Common symptoms of both allergies and infections

Most of the other symptoms are shared by both. Here is the list of symptoms:

  • Tearing
  • Squinting
  • Redness
  • Itchiness
  • Pawing at the eye

Before looking at topical and oral medications, it's essential to understand the difference between them as very different factors cause them; hence, the treatment might be other.

For instance, bacterial eye infections will require a specific bacterial treatment prescribed by your vet. Viral infections might need something else. Your veterinarian is apt to diagnose which type of infection your dog has and how to treat it.

How do I know if my dog has an eye allergy?

It is hard to rule out that your dog's eye infection is not an infection and is an allergic reaction. However, if you notice that your dog's eye gets watery and red often after running in the yard, it may be a sign of allergies.

Remember that if your dog's eye discharge is not completely clear and watery, it could be an infection, especially if your dog's eye is swollen.

Causes of allergies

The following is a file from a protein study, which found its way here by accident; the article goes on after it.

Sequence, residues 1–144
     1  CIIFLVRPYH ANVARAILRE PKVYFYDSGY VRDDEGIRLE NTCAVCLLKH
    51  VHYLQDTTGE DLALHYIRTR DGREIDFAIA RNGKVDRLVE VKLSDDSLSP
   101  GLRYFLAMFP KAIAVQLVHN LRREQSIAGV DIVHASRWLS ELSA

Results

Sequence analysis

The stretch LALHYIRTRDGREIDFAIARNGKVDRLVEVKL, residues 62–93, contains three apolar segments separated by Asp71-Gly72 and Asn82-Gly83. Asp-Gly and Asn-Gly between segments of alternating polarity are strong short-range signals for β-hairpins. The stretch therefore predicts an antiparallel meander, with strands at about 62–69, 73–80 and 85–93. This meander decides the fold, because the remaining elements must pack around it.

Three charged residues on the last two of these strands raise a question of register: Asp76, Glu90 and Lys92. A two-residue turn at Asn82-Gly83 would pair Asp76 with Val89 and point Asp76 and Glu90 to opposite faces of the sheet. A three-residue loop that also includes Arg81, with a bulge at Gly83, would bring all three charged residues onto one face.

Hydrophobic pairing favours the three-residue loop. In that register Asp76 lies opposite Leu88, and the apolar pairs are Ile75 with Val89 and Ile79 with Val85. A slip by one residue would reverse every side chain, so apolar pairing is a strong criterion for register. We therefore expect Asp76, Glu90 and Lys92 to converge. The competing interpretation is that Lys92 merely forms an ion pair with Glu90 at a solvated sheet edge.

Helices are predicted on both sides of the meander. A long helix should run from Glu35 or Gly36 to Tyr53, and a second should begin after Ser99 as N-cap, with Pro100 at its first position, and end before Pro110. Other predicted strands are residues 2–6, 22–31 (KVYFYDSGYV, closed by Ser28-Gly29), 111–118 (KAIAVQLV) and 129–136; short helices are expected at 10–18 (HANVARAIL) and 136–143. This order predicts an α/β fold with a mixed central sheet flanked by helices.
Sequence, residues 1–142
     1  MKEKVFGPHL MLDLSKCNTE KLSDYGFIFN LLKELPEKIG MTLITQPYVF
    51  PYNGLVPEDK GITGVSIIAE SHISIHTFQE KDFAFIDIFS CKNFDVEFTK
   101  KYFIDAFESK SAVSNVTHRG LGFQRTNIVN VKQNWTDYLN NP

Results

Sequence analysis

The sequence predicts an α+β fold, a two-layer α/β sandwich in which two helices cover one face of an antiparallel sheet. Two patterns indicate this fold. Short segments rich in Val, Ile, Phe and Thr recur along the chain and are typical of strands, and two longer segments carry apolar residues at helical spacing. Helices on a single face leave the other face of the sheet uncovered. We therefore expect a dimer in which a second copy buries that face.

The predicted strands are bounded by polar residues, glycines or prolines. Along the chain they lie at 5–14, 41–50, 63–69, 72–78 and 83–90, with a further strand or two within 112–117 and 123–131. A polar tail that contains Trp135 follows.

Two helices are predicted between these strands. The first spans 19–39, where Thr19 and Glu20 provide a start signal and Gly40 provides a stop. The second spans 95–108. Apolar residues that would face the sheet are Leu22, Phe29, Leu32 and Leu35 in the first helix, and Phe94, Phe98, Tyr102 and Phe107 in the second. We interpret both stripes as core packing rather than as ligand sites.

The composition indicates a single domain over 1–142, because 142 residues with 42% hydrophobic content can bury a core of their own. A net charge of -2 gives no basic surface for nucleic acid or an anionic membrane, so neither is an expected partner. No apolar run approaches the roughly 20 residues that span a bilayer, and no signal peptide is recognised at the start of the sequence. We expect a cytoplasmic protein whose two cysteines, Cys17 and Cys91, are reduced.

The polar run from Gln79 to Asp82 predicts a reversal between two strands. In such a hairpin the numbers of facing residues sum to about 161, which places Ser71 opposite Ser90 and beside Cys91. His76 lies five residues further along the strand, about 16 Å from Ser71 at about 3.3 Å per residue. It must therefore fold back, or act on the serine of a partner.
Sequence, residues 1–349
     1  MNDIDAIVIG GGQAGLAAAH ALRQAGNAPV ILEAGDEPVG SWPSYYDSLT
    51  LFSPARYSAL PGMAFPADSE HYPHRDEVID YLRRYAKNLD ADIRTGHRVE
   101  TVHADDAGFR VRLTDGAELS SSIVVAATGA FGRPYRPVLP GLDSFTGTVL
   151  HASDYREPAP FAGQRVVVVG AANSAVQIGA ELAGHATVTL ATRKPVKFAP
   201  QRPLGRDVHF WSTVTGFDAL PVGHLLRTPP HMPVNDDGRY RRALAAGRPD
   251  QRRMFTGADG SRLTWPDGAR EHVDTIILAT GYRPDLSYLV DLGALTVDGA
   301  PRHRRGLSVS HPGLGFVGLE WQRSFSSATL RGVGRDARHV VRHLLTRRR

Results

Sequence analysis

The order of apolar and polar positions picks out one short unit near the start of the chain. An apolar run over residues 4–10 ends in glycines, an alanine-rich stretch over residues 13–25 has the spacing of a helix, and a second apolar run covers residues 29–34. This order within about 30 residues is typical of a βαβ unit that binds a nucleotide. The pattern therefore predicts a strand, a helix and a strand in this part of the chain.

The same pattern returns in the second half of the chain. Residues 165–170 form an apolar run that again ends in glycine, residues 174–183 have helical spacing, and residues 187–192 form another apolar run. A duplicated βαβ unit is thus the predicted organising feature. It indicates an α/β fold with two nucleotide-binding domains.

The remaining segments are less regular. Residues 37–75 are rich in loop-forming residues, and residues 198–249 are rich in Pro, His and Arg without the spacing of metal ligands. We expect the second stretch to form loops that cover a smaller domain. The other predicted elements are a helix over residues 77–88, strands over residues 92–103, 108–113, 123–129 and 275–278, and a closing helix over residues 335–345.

Allergies are challenging to diagnose since your dog could not be allergic to something and still react to it. People say "lactose intolerant" and not "allergic to dairy," for instance.

A significant cause of intolerance in dogs is food-related, and I always recommend starting there if your dog has any allergies.

Here are some of the most common environmental causes of eye allergies:

  • Trees, grass, pollen
  • Dust, dust mites, fleas
  • Mold and mildew
  • Colognes, perfumes, cigarette smoke, household cleaning products
  • Medications: flea collars, flea treatment, insecticidal shampoo
  • Certain fabrics and materials
  • Dander, hair, and feathers

As you can see, there are many potential allergens, and all are difficult to eliminate. An alternative to looking for allergens is to boost your dog's immune system. A robust immune system is often enough to reduce allergy symptoms and sometimes eradicate them.

Best ways to strengthen your dog's immune system

I recommend these two easy ways to boost your dog's immune system and try to alleviate any allergy symptoms:

  • Adding Omega-3s to your dog's diet. It can be through home cooking with salmon fillet or even supplements.
  • Adding immune-boosting mushrooms to your dog's diet. Some studies even suggest they can help slow down cancer.

Causes and symptoms of dog eye Infection